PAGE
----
Scenario time: you’re a small local indie brokerage and a big, well-funded iBuyer comes to town. What do you do?
When that same thing happened to Minnesota-based BRIX Real Estate — with Opendoor recently launching in the Twin Cities as part of its planned 50-market nationwide expansion — BRIX’s broker/owner seized the opportunity.
Earlier this month, BRIX launched its Simple Offer program, giving sellers in Downtown Minneapolis, St. Paul, Maple Grove and Burnsville an all-cash offer within 47 hours through a portal on its own website that links directly to Opendoor.
“We believe in consumer choice so while we may introduce the Opendoor platform to sellers and potentially cost ourselves some listing business, we’re happy to do so because it does a couple things,” said Danny Dietl, broker/owner of BRIX Real Estate, who projects the company will ink $120 million in total sales this year. “We want consumers to have a choice and it also gets us to participate in the conversation and demonstrate our value proposition.”
In a Facebook post announcing the Simple Offer program, Dietl wrote that the benefits include a streamlined sales process that does away with home showings and home staging while offering sellers the ability to pick their own close date.
Since the launch, around 10 consumers have inquired about the program, including one seller who hasn’t closed yet who Dietl believes will take the all-cash offer. Overall, the conversation around the program has been positive, he added.
“This is perfect for sellers who place a premium on convenience and certainty,” wrote Dietl. “We will also clearly show you what you can net if you go the traditional way of selling so you can make a fully informed decision on what works best for you.”
Sellers need to sign a one-time showing agreement to participate, according to Dietl, which allows the seller to have BRIX as their representative should they accept.
“While the offer program is simple there are still contractual hurdles to cross with any buyer – ie: inspection related negotiations – this allows the seller to be able to see the simple offer and compare it with how they would net out on the dollars vs the conventional route – while taking into account the convenience factor – without committing the seller to work with us long term,” said Dietl. “Should the simple offer not meet their needs the seller would then be free to list with whomever they’d like including us and they are out nothing for testing the waters.”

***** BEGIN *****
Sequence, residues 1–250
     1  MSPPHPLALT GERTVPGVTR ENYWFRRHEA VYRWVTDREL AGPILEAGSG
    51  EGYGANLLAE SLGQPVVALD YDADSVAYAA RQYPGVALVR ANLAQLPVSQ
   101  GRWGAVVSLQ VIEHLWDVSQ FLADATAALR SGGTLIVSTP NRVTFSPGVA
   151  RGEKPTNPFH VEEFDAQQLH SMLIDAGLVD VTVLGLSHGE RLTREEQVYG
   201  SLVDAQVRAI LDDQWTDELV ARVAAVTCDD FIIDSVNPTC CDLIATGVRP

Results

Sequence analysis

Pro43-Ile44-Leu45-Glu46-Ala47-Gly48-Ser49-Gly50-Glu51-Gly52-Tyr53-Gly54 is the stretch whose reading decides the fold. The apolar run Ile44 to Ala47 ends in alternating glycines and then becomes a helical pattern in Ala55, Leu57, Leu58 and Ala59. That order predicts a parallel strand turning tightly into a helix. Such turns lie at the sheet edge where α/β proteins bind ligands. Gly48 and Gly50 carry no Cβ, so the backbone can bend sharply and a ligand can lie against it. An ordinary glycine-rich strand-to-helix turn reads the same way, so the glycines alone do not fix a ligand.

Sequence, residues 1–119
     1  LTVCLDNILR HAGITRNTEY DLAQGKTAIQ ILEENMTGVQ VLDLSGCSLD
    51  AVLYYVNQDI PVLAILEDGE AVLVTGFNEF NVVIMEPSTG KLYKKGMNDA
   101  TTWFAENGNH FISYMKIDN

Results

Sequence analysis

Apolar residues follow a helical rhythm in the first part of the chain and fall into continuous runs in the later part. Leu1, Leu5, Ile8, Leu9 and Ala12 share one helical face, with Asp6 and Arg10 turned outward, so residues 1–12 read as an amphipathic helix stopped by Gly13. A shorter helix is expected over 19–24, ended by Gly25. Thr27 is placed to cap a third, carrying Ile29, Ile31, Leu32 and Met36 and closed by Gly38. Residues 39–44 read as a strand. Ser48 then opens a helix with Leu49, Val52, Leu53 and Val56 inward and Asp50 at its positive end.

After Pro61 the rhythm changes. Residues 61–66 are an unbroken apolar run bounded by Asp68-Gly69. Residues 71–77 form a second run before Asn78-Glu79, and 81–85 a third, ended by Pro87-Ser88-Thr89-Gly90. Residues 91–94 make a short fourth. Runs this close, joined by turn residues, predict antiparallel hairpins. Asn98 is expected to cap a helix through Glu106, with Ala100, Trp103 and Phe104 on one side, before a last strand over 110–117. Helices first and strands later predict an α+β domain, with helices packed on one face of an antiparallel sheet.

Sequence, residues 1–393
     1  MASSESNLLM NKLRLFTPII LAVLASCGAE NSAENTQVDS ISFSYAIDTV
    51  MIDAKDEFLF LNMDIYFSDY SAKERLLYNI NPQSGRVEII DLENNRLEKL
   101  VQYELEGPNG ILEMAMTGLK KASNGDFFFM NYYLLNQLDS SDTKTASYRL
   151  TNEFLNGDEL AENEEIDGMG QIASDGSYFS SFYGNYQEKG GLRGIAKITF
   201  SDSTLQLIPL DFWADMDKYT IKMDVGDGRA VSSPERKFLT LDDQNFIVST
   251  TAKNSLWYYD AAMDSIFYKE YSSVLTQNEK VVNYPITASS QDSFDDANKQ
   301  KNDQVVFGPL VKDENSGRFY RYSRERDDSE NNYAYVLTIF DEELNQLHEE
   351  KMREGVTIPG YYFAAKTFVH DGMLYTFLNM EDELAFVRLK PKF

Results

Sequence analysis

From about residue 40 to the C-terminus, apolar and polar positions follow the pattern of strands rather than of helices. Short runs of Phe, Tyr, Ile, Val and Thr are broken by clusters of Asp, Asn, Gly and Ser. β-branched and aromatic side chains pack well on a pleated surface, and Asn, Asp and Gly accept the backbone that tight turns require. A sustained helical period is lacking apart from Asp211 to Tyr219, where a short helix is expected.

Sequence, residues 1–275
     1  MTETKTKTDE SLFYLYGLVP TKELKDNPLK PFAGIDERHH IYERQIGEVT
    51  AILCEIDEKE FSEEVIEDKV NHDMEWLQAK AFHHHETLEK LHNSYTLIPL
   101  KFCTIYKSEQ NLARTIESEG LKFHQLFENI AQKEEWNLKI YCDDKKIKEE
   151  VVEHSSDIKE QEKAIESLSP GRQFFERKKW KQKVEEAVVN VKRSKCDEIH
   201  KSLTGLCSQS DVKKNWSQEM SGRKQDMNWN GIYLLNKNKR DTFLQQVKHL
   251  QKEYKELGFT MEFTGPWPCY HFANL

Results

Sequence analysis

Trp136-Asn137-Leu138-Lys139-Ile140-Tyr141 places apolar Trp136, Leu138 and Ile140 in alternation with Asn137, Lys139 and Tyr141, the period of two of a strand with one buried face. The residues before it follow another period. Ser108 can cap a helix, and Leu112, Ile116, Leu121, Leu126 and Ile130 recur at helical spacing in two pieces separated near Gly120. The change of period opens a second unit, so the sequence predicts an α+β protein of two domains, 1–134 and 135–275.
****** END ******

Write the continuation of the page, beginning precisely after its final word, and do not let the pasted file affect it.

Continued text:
Currently, only single-family homes, townhouses and twin homes valued between $100,000-$500,000 qualify for the Simple Offer program. Condos, apartment buildings and other properties with a common area or shared entrance are not eligible.
“We’re experimenting in the markets that we are not as active in the second and third-tier suburbs, a lot of the townhomes,” Dietle said. “Things like that. So far it’s been really positive.”
Neither an official announcement nor the company’s website mention Opendoor explicitly, an intentional decision, Dietl said. The partnership with the iBuyer isn’t exclusive and Dietl said he doesn’t want to limit other potential partnerships in the future.
“Right now, Opendoor is the one that makes sense, but we just say investor offers,” Dietl said. “But we didn’t want it to be specific to that to limit us, in case some other model or competitors come in that we could potentially work with as well.”
Opendoor recently expanded further into the real estate market, acquiring fellow California-based techie discount brokerage Open Listings earlier this month in a bid to shift into a company that uses more buyer’s agents, including in-house agents and partners. Will that change Opendoor’s ability to work with other local brokerages as it expands its reach?
“In each of our markets, we work formally with agent teams to allow their agents to present Opendoor offers to their clients,” Cristin Culver, a spokesperson for Opendoor told Inman. “It’s optionality that’s great for their clients — they get competitive, cash offers alongside the option to allow their trusted agent to list their home on the market.”
“Clients can assess which route is best for them and their individual situation and timeline, and proceed accordingly,” added Culver. “Clients continue to be represented by their agent and honor their listing agreement, and Opendoor contributes 1 percent to their sellers’ costs at closing.”
Culver said its similar to the agreement Opendoor has with a Keller Williams team in Phoenix. The Keller Williams team, through its program called OfferDepot, solicits offers on a home from a mix of investors and other iBuyers operating in the Phoenix metro like Opendoor, Offerpad and Zillow.
“This is not the first of these partnerships for Opendoor, we have them in place in each of our markets, and we welcome to opportunity for more with other brokerages and teams who want to provide the same optionality and experience to their clients,” said Culver.
However, such partnerships are not always built to last: Zillow Offers, the Seattle tech giant’s iBuyer program, started as a similar online marketplace where prospective sellers could solicit cash offers from multiple institutional investors, including Opendoor rival Offerpad. When Zillow announced in April it would field its own all-cash offers on homes, Offerpad cut ties with the company.